As a counterpoint, I posted a VIDEO of a panel being subjected to a hail test, so that your own lying eyes can see it.  I also linked to a description of the tests that panels are required to undergo for certification.  Someone else linked to a video of a car driving across a panel.

You are wrong about this, man.  I don't give a fark whether or not you get solar thermal rather than PV.  But enough with the blatant disinformation.
 
2013-04-25 12:57:42 AM

Lsherm: MrSteve007: Rent Party: Wow! I'm in Maple Valley, and didn't think that kind of setup would float year round out here. I've got a bit more square footage and my kitchen and water are gas, but I still have considerable electrical use.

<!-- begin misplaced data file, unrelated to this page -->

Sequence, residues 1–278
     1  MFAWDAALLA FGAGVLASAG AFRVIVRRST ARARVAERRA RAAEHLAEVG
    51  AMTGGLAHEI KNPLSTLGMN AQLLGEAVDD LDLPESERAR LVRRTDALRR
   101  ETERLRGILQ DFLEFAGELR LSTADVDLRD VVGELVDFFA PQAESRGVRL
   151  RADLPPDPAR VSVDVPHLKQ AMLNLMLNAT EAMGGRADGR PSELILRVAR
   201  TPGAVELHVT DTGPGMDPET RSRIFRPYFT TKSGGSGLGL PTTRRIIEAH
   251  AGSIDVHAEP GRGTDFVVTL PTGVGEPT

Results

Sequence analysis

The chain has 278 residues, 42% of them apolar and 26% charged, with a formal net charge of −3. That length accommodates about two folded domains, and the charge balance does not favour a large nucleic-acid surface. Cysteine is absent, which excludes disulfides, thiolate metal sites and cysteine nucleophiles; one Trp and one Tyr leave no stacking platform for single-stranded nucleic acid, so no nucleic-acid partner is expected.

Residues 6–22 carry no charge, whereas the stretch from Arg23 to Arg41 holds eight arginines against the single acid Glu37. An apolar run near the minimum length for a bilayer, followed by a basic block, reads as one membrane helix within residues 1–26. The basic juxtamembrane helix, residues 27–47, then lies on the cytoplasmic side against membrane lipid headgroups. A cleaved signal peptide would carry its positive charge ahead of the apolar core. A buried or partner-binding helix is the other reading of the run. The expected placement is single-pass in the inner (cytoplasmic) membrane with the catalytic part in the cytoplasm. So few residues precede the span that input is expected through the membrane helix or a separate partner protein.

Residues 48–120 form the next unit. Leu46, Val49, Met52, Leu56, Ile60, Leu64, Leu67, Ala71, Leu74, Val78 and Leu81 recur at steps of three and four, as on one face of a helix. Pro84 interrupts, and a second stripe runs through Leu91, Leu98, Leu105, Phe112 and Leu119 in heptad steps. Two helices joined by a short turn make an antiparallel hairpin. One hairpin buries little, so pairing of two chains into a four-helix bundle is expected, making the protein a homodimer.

Who did the install, since we're kind of neighbors?

Yep, grew up in Enumclaw, work in Tukwila and live in Sumner. My best friend comes from Maple Valley (now lives in Covington). Up here in WA, expect to see a 5-7 year ROI, with current costs and incentives.

Before ponying up the money for PV panels, make sure to make your house as efficient as possible. Here's now I did mine. It includes the major milestones, and doesn't include the little stuff I did like LED lighting and air sealing:
[sphotos-a.xx.fbcdn.net image 850x476]

I know that since adding the electric car, it's taking up a large share of my annual PV production. I still need a full year's worth of data before I can figure out exactly how additional PV I need to get back to net-zero energy. One nice thing though, is that my energy costs are still way, way down. As the long summer days start to come around in the next few months, I expect my 2013 electrical costs to plummet (these numbers don't include the ~$2,400 production incentive I'll get back from the state in August)